This was the long awaited Ben flashback, and maybe it was the fact that I had hoped the Ben episode would solidify a lot of things in the minds of viewers, but the flashbacks were a little weaker than I had hoped they would be, though the kid playing Lil' Ben was quite good at evoking Michael Emerson's portrayal of The Others' shifty-eyed leader, and it was nice to see that Samantha Mathis wasn't dead. Some of the sequences in the past worked (I liked the birth of Ben and the initial visit to the island), but the scene where Ben's father berated him for his mother dying in childbirth was just embarrassing. I'm sure that this has happened in the past to a kid whose mother died in childbirth, but usually this sort of thing stays subtext, a reason for the father to be mad at the kid for years to come that's never quite articulated. Even if it's not subtext, I doubt a father would be as blatant as Ben's dad was. The scene where Ben killed his father was nice in how grim it was willing to go (the shots of the dead Dharma folks laying all around their compound were chilling), but it stretched credibility when Ben simply pulled on a gas mask and gassed his dad to death without dad doing anything about it. He wouldn't even fight? Really? At least the question of what happened to Annie was left open, meaning that Ben might be back next season (having survived the rumored coming cast purge) to tell us more stories of his sordid past. Emerson has been a tremendous boon to the show, and I look forward to more of his work. The scene where he closed the eyes of the Dharma corpse, only his eyes conveying his sadness and fury, was impeccably acted and not self-consciously showy at all.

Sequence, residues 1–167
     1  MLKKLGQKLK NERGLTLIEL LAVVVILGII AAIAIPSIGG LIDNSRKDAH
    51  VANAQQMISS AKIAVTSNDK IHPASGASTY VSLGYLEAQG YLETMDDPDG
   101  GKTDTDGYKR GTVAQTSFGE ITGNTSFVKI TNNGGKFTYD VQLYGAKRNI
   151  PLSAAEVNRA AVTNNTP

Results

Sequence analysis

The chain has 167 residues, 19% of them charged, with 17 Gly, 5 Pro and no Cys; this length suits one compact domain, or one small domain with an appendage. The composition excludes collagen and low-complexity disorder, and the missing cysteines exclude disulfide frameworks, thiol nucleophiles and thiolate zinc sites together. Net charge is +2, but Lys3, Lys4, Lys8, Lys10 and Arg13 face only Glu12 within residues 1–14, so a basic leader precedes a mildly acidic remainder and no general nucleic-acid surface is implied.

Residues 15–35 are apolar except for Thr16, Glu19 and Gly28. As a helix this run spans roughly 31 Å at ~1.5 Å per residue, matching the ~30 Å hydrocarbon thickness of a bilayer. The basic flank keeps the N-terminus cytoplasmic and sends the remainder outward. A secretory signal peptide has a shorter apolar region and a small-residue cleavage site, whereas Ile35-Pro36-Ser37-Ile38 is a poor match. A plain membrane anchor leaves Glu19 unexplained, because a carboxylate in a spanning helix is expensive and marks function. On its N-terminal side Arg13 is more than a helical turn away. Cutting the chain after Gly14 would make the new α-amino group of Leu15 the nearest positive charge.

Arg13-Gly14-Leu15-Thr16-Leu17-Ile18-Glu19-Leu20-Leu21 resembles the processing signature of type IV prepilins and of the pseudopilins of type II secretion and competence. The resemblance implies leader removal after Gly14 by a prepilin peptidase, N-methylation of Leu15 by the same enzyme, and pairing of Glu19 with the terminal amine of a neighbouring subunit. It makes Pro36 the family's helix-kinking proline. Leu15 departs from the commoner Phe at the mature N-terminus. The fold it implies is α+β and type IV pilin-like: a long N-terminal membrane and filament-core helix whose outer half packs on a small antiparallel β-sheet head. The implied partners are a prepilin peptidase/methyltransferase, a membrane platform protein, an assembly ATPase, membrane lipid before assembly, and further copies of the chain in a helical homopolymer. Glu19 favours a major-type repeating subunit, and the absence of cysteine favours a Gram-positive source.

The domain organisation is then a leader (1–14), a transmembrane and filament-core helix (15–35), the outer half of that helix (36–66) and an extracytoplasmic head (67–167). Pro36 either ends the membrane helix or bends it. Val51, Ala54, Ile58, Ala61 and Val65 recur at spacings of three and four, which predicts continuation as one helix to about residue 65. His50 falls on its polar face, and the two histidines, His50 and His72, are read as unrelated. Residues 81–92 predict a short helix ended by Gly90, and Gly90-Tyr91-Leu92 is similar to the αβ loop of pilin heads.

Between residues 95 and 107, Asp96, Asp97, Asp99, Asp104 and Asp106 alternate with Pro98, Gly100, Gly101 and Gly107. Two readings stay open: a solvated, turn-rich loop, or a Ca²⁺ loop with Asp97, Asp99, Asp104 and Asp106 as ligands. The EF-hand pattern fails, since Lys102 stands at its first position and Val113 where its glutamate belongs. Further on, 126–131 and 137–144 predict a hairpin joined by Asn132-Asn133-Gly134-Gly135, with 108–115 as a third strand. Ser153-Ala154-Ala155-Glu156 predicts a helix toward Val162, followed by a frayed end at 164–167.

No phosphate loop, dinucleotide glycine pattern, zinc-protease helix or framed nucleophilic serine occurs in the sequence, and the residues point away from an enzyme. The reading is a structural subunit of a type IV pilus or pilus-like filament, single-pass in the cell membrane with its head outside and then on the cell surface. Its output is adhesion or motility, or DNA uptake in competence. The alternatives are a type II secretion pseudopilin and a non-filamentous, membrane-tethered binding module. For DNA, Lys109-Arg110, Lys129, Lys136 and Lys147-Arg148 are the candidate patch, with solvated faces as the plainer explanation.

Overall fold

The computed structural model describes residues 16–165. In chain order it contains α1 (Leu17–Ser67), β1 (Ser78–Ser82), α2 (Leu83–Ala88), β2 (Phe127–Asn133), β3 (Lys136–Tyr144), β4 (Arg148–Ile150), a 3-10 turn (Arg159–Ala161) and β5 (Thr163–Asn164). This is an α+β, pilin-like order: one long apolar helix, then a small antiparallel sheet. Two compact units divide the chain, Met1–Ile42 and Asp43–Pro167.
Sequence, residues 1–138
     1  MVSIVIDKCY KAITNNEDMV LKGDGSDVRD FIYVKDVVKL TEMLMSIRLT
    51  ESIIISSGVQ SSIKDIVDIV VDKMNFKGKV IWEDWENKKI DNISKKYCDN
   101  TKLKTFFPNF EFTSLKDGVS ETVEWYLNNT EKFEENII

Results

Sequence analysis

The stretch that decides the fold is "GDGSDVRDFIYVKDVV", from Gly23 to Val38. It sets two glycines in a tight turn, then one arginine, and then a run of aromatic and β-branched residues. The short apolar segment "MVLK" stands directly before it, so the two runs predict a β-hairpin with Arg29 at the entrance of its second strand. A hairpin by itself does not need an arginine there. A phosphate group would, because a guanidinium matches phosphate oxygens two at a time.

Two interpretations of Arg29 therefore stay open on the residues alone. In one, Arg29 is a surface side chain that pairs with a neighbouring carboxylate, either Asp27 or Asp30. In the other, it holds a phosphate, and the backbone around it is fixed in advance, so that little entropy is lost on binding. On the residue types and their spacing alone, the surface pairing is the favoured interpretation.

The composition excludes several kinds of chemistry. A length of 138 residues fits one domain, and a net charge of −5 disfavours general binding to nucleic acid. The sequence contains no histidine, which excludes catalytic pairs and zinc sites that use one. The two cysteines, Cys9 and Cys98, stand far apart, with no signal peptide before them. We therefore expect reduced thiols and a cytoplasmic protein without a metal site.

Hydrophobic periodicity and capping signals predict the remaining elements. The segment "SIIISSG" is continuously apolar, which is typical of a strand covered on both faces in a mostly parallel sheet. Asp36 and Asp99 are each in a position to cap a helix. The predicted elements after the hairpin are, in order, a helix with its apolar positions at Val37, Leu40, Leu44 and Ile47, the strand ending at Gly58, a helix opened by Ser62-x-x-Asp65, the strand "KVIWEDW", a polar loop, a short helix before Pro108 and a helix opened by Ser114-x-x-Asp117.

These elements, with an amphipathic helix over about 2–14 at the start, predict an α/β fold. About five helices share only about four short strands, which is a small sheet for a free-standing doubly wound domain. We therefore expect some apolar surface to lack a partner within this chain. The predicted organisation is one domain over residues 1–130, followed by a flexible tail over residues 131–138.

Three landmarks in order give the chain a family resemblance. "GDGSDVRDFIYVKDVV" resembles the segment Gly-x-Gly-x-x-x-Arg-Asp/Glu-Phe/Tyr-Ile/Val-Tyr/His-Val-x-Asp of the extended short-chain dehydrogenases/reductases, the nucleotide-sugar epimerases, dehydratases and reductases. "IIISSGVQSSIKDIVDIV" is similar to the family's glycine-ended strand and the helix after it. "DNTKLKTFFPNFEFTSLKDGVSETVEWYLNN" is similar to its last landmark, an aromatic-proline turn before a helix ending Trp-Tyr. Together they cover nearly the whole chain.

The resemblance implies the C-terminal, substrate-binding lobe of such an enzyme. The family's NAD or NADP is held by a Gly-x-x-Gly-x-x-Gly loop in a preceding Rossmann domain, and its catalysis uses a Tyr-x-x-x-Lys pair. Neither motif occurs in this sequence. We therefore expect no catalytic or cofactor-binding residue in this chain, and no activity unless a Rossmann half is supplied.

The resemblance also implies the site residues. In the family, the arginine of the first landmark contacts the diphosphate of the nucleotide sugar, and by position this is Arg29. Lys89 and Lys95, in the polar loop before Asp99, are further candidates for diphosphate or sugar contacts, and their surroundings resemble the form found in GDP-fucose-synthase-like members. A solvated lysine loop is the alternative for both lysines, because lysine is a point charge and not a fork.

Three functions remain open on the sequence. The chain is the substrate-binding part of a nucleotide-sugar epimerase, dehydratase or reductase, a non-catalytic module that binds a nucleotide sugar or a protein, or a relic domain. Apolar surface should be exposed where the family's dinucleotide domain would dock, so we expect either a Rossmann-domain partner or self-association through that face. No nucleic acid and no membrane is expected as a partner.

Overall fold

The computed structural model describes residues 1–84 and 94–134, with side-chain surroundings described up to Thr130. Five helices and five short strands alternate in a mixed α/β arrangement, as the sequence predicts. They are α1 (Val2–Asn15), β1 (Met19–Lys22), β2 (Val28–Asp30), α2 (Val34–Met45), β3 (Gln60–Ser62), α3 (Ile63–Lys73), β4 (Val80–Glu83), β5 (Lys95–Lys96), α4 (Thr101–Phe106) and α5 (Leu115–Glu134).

It was nice to get a better sense of the relationship between Dharma and The Others, and the flashbacks sort of clarified the timeline and started to explain why The Others have appeared to have supernatural powers sometimes while they appeared to be white collar scientists at others. I don't know that there's any way to satisfactorily resolve this tangle of a storyline, but it was nice to see the whispers return momentarily, and it was nice to get another hint that the island manifests the subconscious wills of its denizens (since all pregnant women die before their seventh month -- when Ben's mother died giving birth to him).

The final scene -- Ben shooting Locke and leaving him for dead in a mass grave -- was a good shocker of the sort the show used to pull out (again, in those largely uneventful season two episodes). I can't imagine for a second that they'll kill Locke, one of the pillars that makes the show work, but it was nice to see his return to the devil-may-care attitude of season one land him in danger. I'm also glad the show showed a group of people we've come to know and sympathize with effectively committing a genocide. It's a risky move, but it doesn't undercut the fascination of Emerson's performance for me.